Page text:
The Longhorns won the program's fifth state title in 2001, Bertelsen's first year as head coach. Since then, they've gone 125-18 and have made it to the championship game five more times, but have yet to win again. "It's title or bust every year. I've heard people say, ‘Oh, he can't win the big one.' You feel the pressure and you know it comes with the job," he says. "I think sometimes I just try to be naive about it — to protect myself. Just do what we do every day and try to get better."
After Bertelsen addresses his team, Rob Bacon, a first-year assistant coach, speaks to the players. He played for the 2006 Longhorns, which Bertelsen describes as "the best Wibaux team to not win a title." After winning a semifinal game, the Longhorns lost the title in overtime. Bacon remembers returning to Wibaux late the night after the loss, the fire engine escort for the Longhorns' bus and the people who had stayed up to honk truck horns and welcome the boys home. "It was bittersweet," he says. "If you grow up saying you want to be good at football, that's one thing. But we grow up saying we want to win state. We know we're going to be good at football. We want to win state."
"We know we're going to be good at football. We want to win state."
When Bacon talks to the Longhorn players about their opponent, he channels the frustration that comes with coming up short in the face of extraordinary expectations. "They have a new coach this year and maybe he thinks things have changed, but they haven't. It's gotten uglier ... Take some pride in that, you are the guys who are going to be knocking their dicks in the dirt. Make them get it. Make every member of that team get it," he says. "Let them know what we're about."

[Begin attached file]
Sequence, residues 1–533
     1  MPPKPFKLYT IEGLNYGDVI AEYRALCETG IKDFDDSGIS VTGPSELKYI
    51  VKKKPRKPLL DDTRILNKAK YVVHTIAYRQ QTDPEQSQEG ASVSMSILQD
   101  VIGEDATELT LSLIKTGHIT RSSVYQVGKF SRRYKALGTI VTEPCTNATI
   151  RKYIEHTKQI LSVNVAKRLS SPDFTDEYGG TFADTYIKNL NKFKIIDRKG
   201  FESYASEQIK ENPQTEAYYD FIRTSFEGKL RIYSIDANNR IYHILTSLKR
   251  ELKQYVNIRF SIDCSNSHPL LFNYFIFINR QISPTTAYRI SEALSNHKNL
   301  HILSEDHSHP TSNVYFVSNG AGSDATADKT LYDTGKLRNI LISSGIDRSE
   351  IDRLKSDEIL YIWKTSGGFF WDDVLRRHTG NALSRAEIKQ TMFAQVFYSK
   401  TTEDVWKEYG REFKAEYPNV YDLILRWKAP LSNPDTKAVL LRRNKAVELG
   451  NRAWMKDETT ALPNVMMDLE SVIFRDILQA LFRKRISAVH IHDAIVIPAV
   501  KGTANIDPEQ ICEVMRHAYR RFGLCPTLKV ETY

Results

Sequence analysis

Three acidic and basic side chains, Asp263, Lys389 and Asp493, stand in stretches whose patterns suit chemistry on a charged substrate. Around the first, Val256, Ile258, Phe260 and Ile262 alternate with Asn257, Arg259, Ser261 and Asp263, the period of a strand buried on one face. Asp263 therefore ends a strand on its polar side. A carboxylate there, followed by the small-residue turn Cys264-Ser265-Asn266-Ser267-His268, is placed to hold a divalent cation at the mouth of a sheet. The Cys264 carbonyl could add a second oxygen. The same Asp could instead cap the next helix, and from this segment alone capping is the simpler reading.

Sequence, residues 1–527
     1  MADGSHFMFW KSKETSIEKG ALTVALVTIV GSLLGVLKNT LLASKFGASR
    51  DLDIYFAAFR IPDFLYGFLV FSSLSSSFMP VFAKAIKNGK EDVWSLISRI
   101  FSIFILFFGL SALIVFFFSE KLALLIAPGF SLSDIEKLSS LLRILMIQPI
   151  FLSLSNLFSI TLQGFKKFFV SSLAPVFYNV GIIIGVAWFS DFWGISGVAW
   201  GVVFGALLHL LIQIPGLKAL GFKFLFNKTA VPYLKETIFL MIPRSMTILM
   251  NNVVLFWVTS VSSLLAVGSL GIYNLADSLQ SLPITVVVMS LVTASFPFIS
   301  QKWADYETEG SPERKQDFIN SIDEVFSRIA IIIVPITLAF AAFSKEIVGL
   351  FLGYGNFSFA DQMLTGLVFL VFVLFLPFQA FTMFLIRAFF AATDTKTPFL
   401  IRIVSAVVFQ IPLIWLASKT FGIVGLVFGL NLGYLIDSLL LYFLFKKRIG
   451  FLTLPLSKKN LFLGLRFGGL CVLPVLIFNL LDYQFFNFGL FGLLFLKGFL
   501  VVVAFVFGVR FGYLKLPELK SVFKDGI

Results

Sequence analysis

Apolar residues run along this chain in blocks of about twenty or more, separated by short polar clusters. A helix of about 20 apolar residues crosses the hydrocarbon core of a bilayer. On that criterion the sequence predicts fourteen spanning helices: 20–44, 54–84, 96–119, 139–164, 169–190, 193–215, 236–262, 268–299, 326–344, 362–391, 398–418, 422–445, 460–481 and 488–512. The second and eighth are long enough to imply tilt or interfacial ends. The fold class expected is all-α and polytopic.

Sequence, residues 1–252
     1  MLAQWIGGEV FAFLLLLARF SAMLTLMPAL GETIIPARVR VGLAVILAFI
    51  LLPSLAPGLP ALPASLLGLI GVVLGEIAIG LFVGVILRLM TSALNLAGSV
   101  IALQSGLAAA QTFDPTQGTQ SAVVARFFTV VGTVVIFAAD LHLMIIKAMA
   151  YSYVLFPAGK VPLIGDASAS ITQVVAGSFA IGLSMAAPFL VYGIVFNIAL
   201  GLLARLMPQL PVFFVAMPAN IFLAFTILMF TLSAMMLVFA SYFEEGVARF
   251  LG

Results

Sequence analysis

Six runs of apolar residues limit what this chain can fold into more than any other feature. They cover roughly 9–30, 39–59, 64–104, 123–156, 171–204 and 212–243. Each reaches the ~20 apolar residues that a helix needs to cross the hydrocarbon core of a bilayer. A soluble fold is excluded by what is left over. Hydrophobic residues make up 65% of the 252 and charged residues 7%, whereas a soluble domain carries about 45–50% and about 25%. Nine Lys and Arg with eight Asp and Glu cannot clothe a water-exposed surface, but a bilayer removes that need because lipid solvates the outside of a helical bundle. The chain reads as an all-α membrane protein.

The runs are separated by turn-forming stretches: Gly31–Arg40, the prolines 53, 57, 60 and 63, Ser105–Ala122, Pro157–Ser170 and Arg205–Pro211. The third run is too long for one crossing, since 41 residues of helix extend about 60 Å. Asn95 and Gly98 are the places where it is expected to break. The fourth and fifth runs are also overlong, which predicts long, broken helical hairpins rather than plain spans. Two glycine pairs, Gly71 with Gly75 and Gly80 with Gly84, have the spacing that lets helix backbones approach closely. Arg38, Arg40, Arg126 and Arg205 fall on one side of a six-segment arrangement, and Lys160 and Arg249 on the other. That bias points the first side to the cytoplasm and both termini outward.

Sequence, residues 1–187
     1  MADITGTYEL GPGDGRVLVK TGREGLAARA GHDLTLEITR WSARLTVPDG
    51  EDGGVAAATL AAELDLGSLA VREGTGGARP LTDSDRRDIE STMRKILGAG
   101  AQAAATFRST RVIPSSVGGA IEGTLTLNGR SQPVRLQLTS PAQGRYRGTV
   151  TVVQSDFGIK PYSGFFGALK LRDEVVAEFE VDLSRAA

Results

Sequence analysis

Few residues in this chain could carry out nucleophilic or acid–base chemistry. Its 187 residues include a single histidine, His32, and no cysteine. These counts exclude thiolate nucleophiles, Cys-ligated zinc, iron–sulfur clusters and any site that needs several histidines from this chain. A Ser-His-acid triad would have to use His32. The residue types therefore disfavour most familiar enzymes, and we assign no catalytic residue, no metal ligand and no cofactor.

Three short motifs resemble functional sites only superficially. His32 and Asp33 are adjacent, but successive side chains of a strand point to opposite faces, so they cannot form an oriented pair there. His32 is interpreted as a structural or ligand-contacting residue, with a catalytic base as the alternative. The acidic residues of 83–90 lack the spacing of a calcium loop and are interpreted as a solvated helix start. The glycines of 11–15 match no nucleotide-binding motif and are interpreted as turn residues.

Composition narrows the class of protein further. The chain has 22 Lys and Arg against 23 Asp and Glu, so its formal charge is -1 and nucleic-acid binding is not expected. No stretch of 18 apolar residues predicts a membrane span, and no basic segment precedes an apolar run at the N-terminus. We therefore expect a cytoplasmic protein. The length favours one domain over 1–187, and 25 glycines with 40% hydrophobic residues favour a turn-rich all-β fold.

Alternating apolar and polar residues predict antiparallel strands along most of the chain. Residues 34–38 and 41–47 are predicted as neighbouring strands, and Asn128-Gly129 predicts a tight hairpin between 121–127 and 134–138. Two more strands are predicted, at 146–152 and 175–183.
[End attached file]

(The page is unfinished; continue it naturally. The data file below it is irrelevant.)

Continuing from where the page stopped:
The players stand up and touch hands and count to three. They march out of the locker room and turn right to exit the building and run across a parking lot onto the field. Turn left instead, stairs lead to the polished wood surface of the Wibaux gymnasium, where five state title banners hang from a cinder block wall: '91, '92, '93, '00 and '01. Most people in Wibaux find it disappointing there aren't more, but most people in Wibaux, like assistant coach Shane Bakken, also think it would be cheap to hang runner-up banners. He played quarterback in the '80s and has watched his sons play in four state title games. He believes there is only one way to measure a successful season. "Once you get a taste, that's the drive. You want to get back there again, and we have it. If you're not playing to win it every year, why play?" he says. "No one remembers second place."
The Longhorns score on the first series of the game against the Red Hawks. They proceed to recover the ball on an onsides kick and score again. On the first Red Hawk possession, they struggle to crack the line of scrimmage and are forced to kick from inside their own 5-yard line. The punter receives a low snap as blue jerseys crash the backfield. He doesn't appear to panic so much as make a calculation and then a quick decision. He turns his back to the field, drops the ball to his foot and gingerly boots it out of the back of the end zone. The first quarter ends with the score 38-8.
When the Longhorns are playing well, it's like watching a video game between a committed gamer and someone who left the controller on the coffee table — something doesn't quite seem fair. On a special teams play, Chase Bertelsen, who has the same stacked-brick physique as his father, Jeff, draws gasps from the sideline when he topples a Red Hawk gunner flat on his back. Jake Bakken fields a kickoff and moves through traffic like a spooked antelope, his strides covering more ground than seem possible. The Red Hawks don't tackle him so much as shoo him out of bounds. Although every team has its stars, not every team wins so gaudily game after game, year after year. Not every team is the Longhorns.